December 2003



Wild Ginger – Asarum canadense

Origin: North America





Traditionally one of the mainstays during holiday times is gingerbread…houses, men, etc. I'm going to put a new spin on things by suggesting gingerbread with a twist, Wild Gingerbread. To get the bread, you need to have the main ingredient, which is wild ginger.

This native North American perennial can be found growing in shady, moist soils within the woodlands of the eastern states. A robust groundcover, wild ginger produces large six-inch wide, kidney-shaped leaves, which have the aroma of spices. The tri -petal flowers start out as a rich purplish brown then change from chocolate to dark maroon inside. Wild ginger roots can be used fresh or dried as a flavoring and also have many herbal medicinal uses.

Wild ginger does well in slightly acidic to calcareous soils and can easily be cultivated in a very shady location. It is grown from a rhizome.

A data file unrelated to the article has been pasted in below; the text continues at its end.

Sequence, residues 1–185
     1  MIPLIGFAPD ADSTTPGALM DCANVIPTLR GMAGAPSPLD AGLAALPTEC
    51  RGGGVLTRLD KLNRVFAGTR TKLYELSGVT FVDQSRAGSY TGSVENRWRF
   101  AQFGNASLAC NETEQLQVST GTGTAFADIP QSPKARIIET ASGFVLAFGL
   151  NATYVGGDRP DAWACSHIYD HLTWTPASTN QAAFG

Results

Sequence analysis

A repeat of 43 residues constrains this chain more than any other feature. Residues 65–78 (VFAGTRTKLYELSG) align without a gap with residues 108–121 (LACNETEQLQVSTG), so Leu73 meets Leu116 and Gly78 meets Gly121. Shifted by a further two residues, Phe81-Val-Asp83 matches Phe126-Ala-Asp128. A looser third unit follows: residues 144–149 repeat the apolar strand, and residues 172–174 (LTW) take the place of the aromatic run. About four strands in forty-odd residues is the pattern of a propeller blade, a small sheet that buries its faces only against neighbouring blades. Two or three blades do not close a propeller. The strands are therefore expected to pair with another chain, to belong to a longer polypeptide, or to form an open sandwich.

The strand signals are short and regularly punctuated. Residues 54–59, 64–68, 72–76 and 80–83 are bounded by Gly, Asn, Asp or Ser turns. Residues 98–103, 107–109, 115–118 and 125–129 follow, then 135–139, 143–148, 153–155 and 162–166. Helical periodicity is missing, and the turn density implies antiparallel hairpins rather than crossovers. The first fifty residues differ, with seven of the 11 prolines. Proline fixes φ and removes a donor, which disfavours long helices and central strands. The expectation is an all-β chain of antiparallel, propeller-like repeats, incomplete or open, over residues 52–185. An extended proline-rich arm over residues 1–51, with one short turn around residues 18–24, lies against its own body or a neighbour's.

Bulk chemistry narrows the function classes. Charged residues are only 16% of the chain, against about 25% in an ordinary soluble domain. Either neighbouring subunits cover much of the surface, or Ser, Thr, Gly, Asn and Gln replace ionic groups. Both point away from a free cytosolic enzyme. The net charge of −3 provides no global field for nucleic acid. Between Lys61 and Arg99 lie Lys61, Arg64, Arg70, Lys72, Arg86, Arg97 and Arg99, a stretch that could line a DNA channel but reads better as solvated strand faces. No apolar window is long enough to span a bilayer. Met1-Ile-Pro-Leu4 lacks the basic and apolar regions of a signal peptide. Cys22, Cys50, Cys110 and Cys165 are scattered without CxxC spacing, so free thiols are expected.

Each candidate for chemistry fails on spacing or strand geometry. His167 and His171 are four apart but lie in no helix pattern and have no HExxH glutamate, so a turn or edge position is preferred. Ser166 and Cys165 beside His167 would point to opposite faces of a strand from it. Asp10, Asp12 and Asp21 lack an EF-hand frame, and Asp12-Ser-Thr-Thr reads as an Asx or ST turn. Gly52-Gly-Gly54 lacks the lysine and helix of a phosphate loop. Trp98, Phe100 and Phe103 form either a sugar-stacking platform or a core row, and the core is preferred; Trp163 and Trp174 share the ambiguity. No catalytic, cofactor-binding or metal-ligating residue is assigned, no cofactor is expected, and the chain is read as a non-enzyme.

And as promised, the recipe...


Wild Gingerbread

 Dry Ingredients


Wet Ingredients


Preheat oven to 300 degrees F. Mix the dry ingredients together. Now mix the wet ingredients together. Combine the dry and wet ingredients but be careful not to overmix. Press into an oiled baking dish. Place into oven. Bake for one hour or until an inserted toothpick emerges clean. Makes one loaf


Recipe courtesy of The Wild Vegetarian Cookbook


Happy Holidays!